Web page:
A user has a folder he doesn't recall creating in his Outlook desktop software and wanted to know how to find the folder's creation date.
The first sample uses PowerShell, with the folder name and creation date in the PowerShell ISE window and in a message box. (You don't need to use both and can delete the method you don't want to use.)
PowerShell may be easiest for most users because you don't need to change macro security settings in Outlook.
clear $PropName = "http://schemas.microsoft.com/mapi/proptag/0x30070040" $olApp = new-object -comobject outlook.application $oFolder = ($olApp.ActiveExplorer()).CurrentFolder $oPA = $oFolder.PropertyAccessor $value = $oPA.GetProperty($PropName) write-host $ofolder.name `n$value write-host [System.Windows.MessageBox]::Show($ofolder.name +"`n"+ $value, $ofolder.name)
Get Folder Created Date using VBA
This is the VBA code needed to get the folder creation date. Because you need to change Macro security settings the PowerShell method is easier to use, unless you are already using macros.
Public Sub ShowCreatedDate() Dim ofolder As Outlook.folder Dim propertyAccessor As Outlook.propertyAccessor Set ofolder = Application.ActiveExplorer.CurrentFolder Set propertyAccessor = ofolder.propertyAccessor MsgBox ofolder.Name & vbCrLf & _ "Created at: " & propertyAccessor.GetProperty("http://schemas.microsoft.com/mapi/proptag/0x30070040") Set ofolder = Nothing End Sub
Using PowerShell Scripts
To use PowerShell scripts with Outlook, start typing PowerShell on the start menu and open Windows PowerShell when it comes up. Windows PowerShell ISE has a script pane at the top, which is useful if you want to edit the script.
Paste the entire script in the PowerShell window and press Enter or the Run button if using PowerShell ISE.
Note: PowerShell scripta will not work with the Windows Store version of Office. You'll need to use a VBA macro version if you have the Windows store version of Office installed.
Saving PowerShell Scripts
If you want to save the script as a .ps1 file, paste it into Notepad and save it with the extension .ps1. To open it in the PowerShell IDE, type powershell on the start menu and click on Windows PowerShell IDE when the PowerShell app is found. Paste the script in the editing window.
To use it, you need to allow local scripts by running this command:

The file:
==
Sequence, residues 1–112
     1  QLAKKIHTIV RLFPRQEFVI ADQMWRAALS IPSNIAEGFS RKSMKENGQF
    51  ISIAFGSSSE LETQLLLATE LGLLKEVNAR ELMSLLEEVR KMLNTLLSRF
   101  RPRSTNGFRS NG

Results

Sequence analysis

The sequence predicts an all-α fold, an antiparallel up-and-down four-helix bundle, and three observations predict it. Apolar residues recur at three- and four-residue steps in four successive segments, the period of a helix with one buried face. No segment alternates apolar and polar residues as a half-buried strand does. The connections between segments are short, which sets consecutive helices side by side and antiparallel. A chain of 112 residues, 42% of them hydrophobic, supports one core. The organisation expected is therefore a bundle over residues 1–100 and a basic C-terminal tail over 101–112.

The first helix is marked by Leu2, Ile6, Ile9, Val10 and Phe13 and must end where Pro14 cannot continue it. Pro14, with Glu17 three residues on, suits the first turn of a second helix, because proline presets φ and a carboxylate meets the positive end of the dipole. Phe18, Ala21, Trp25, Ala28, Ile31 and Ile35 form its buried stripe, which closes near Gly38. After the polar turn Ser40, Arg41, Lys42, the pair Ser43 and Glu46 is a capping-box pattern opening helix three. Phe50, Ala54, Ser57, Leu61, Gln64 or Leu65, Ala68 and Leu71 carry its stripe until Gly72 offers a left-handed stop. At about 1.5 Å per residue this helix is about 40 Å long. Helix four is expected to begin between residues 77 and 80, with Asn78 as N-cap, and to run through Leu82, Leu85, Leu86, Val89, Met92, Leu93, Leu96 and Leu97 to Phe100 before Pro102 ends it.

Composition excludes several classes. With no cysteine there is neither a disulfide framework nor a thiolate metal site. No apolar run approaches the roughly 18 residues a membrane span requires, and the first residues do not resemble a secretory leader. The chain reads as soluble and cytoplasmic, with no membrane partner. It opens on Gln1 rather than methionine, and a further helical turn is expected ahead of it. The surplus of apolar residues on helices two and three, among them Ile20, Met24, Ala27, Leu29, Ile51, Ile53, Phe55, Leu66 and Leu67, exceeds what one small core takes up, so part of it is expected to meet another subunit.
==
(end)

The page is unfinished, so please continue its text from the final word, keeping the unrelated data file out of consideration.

To run your saved .ps1 file, right-click on the script and choose Run with PowerShell.
How to use the macro on this page
First: You need to have macro security set to the lowest setting, Enable all macros during testing. The macros will not work with the top two options that disable all macros or unsigned macros. You could choose the option Notification for all macros, then accept it each time you restart Outlook, however, because it's somewhat hard to sneak macros into Outlook (unlike in Word and Excel), allowing all macros is safe, especially during the testing phase. You can sign the macro when it is finished and change the macro security to notify.
To check your macro security in Outlook 2010 and newer, go to File, Options, Trust Center and open Trust Center Settings, and change the Macro Settings. In Outlook 2007 and older, look at Tools, Macro Security.
After you test the macro and see that it works, you can either leave macro security set to low or sign the macro.
Macros that run when Outlook starts or automatically need to be in ThisOutlookSession, all other macros should be put in a module, but most will also work if placed in ThisOutlookSession. (It's generally recommended to keep only the automatic macros in ThisOutlookSession and use modules for all other macros.) The instructions are below.
The macro on this page should be placed in a module.
Open the VBA Editor by pressing Alt+F11 on your keyboard.
To put the code in a module:
- Right click on Project1 and choose Insert > Module
- Copy and paste the macro into the new module.
More information as well as screenshots are at How to use the VBA Editor